The effects were impressive and fun to behold and Sarandon and McDowall gave two of the most memorable genre performances of the decade.

      • tbaio

        Can’t agree more.

  • john

    Found it bland and unsurprising–

    The exact opposite of everything I love in the original.

    Talented cast, boring script, bland direction.

  • Jessica Martin

    Thank you, thank you, thank you for this editorial. I have been singing the praises of the Fright Night remake for years now and it seems that it always gets hate for reasons I will never understand.

    • Cassandra Atticum

      Same reason any remake gets knee-jerk hatred. Nostalgia… I loved the original. Had a crush on Roddy McDowall. I don’t think the remake was near-perfect, but it was a solid update. David Tennant was criminally under-used. They downplayed Peter Vincent’s role so much, he didn’t even feature in the trailer.

  • Batcat

    This site has an unhealthy obsession with mediocrity. There’s a world (and century) of horror to explore and yet this site largely focuses on what’s been produced in the last two decades? Why? There’s a strange degree of pandering here. If you want to challenge the readers, explore deeper into the foreign market and delve into classics from way past. There are so many forgotten horrors that need reappraisal.

    • IWC-3PO

      So you’re saying Jason Goes To Hell and Texas Chainsaw Massacre: The Next Generation aren’t cinematic classics…

  • Papa_spoosh

    Maybe the shoes weren’t possible to fill but this movie didn’t have anything special IMO. The original is so much fun and they play up Jerrys charm in much more than just a physical way, unlike the remake. I also think Peter Vincent shouldn’t have been updated at all, and especially not the way they did it.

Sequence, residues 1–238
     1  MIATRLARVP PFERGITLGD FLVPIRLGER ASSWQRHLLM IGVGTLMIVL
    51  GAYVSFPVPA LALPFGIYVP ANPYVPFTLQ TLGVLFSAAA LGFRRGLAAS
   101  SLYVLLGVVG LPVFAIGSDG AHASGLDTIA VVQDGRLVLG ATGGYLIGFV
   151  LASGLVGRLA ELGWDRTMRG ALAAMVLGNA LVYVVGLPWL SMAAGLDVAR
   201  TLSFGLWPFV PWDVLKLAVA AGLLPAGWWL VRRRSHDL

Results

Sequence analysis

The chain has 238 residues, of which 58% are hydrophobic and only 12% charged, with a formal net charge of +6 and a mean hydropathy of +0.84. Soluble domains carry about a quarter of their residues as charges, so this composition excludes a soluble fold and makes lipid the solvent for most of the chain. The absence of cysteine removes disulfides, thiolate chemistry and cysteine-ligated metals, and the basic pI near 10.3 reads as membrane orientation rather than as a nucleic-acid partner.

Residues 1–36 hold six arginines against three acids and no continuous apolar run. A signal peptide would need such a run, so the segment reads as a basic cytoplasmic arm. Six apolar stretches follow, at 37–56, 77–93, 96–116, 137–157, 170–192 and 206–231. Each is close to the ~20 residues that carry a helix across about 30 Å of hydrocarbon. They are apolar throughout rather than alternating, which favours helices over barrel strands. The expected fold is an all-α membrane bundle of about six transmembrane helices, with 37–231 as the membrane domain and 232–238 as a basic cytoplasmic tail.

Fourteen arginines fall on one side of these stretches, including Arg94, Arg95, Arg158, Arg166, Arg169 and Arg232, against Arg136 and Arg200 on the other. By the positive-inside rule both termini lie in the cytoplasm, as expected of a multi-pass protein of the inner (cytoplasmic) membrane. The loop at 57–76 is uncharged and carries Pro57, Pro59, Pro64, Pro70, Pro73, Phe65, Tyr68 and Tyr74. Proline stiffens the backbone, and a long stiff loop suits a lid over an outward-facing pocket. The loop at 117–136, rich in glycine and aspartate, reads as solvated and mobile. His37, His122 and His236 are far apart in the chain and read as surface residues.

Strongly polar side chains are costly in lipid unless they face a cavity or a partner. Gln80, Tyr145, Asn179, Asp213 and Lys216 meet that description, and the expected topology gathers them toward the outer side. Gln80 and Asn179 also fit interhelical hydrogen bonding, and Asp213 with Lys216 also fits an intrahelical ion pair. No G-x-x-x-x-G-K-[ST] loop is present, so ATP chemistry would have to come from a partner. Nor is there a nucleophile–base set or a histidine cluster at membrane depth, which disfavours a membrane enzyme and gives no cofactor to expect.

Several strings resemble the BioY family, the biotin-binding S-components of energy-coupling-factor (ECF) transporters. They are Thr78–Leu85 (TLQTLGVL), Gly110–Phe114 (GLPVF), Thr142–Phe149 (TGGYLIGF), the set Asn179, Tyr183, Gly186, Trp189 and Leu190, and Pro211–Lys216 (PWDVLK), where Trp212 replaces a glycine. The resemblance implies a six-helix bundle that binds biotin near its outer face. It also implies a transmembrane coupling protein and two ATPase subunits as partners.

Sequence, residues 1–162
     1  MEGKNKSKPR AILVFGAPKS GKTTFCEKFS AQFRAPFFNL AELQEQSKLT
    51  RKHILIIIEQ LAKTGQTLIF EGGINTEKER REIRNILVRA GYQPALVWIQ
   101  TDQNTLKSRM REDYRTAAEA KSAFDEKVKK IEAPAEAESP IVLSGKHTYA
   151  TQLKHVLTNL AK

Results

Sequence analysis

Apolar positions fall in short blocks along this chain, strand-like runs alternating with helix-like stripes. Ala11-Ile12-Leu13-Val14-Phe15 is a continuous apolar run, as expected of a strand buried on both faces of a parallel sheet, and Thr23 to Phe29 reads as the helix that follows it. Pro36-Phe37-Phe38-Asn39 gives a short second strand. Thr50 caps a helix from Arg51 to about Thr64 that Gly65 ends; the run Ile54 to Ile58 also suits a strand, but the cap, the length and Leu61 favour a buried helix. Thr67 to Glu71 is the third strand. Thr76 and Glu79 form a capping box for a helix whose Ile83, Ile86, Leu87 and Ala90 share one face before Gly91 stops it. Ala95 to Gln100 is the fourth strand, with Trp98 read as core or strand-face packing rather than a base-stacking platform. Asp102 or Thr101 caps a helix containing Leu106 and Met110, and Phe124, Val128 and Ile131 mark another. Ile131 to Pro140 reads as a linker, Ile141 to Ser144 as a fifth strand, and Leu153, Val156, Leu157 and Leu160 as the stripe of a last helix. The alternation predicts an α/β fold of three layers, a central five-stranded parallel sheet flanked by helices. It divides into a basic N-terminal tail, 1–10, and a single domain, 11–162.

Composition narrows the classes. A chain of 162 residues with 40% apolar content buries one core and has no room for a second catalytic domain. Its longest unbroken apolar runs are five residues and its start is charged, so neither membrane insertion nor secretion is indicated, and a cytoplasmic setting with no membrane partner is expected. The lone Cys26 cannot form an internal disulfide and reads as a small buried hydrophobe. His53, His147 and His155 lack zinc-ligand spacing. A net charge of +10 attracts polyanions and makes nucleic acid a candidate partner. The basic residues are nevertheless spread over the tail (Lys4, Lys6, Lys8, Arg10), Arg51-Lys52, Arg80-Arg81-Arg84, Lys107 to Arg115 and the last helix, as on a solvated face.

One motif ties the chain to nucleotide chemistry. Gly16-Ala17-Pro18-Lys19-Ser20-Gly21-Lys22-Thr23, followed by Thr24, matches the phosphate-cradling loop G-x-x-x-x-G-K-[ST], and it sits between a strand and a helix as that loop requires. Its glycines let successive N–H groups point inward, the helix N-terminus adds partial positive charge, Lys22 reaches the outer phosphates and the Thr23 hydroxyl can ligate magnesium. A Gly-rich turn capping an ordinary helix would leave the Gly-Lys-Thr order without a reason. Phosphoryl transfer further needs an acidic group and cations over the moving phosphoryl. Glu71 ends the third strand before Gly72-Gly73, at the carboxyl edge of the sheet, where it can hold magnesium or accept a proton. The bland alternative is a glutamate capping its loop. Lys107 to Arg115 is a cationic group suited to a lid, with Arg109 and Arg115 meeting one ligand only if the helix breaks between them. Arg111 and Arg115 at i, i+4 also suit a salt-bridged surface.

• Bryan Haldeman

    Stephen Geoffreys and Roddy McDowell made the original.

  • pablitonizer

    For me it’ just a correct remake, I liked it more than I had expected but just to watch it once, it’s not a film that makes me wanna rewatch many times unlike the original. It adds nothing interesting, perhaps more role from the mother and way too much CGI. If you ask me one perfect remake I’d say The hills have eyes, still disturbing to my mind

  • DarklingMagick

    Oh, Hell no! You mean the homophobic behind the scenes statements that Evil Ed isn’t an outcast because he’s gay because “That sort of homophobia doesn’t exist anymore?’ The fact that the director didn’t see the original “Since he was a kid” (he was an adult when it came out…) the loss of Jerry’s shapeshifting powers, the removal of his motivation. Charley being turned into a social climbing tool. I can’t put into words how much I HATE this movie. Whoever wrote this should NOT be allowed to write for ANY horror news site or any site for that matter. This is the stupidest opinion I’ve seen outside of Fox News.